Research into the sentience of pigs has shown that these are smart, sociable animals, who even enjoy listening to music. Like dogs, they wag their tails in enjoyment, and hold their ears back when they are distressed. Incredibly, these reactions have been observed in pigs even when they are witnessing other pigs experiencing something positive or negative, showing that they are highly empathetic. The upshot? That pig farms, where pigs are housed in close confinement, cannot meet even the basic needs of these complex creatures. That’s why we’re using our sentience research to demonstrate to farmers and governments how they need to improve their practices.


Fish are more complex than you might think

We often tell forgetful people they have a memory ‘like a goldfish’, but in fact fish have been shown to retain positive and negative memories associated with their environment. You only need to watch Blue Planet 2 to get a sense of the complexity of the lives of fish and other marine animals – something we are only beginning to understand. Researchers have found that fish displayed a preference for a certain side of their tank when they had been rewarded by food in that area in the past. They have also been observed demonstrating behaviours that suggest they are bored when they are alone, indicating that they have social needs.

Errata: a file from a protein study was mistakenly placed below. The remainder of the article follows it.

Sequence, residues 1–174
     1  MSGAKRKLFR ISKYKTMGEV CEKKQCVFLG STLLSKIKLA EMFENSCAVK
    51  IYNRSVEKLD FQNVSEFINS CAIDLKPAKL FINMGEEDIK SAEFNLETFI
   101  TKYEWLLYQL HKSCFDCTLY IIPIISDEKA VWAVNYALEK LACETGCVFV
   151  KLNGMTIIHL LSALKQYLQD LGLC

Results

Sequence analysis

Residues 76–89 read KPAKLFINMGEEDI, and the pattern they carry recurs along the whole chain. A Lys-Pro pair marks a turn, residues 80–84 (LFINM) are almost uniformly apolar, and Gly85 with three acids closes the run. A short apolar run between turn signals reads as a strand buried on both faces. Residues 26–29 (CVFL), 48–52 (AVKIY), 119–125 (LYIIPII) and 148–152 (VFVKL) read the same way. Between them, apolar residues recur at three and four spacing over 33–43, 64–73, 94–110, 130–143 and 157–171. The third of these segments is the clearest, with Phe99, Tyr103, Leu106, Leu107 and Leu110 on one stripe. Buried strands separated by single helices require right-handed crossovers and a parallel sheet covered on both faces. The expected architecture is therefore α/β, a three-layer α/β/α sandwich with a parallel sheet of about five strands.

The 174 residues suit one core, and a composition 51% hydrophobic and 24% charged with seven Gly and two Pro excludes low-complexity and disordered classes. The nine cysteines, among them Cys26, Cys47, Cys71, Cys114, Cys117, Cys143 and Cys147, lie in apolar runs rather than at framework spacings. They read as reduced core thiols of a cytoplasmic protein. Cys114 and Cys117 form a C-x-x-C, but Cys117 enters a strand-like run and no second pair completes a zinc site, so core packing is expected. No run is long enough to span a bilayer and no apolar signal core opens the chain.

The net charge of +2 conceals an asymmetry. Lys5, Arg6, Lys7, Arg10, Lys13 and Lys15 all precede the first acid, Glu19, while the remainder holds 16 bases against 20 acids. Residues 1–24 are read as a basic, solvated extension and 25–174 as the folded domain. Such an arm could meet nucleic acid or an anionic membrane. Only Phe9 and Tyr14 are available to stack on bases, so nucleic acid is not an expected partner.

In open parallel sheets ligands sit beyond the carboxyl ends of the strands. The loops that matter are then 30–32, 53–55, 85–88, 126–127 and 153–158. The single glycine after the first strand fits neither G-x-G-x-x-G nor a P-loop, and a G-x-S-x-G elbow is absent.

The sentience of fish and other marine animals, and their right to be protected from suffering, is one reason we launched our Sea Change campaign. Through this work we are aiming to eliminate ghost fishing gear from our oceans, which causes untold suffering to marine animals. Find out about our latest activity here: www.worldanimalprotection.org.uk/sea-change-action


Elephants are self-aware

How do you measure an animal’s self-awareness? Until recently, researchers used experiments involving mirrors to evaluate whether the animal could recognise its own reflection. But a 2017 study designed a way of showing that elephants were aware of the relationship between their own bodies and other objects around them. The more evidence we can amass about the intelligence and sensitivity of wild animals like elephants, the stronger a case we can build to end their exploitation for profit and entertainment. This is the basis of our Wildlife: Not Entertainers campaign, which is working to end the cruelty of elephants and other wild animals being forced to perform or pose for photographs for the entertainment of tourists. Show your support here: www.worldanimalprotection.org.uk/wildlife-not-entertainers

Protecting animal sentience beyond Brexit

We’ll be monitoring closely the Government’s plans to ensure animal sentience is recognised in the law after we leave the EU. Our campaigning team is in the process of offering to work with the Government to flesh out the detail of how they propose to do so over the coming weeks.

The Government’s recognition of animal sentience (via EU legislation) is one of the factors that have given the UK a top rating in World Animal Protection’s Animal Protection Index. As we look to review the rankings in 2018, we want to ensure the UK remains a world leader in animal welfare standards.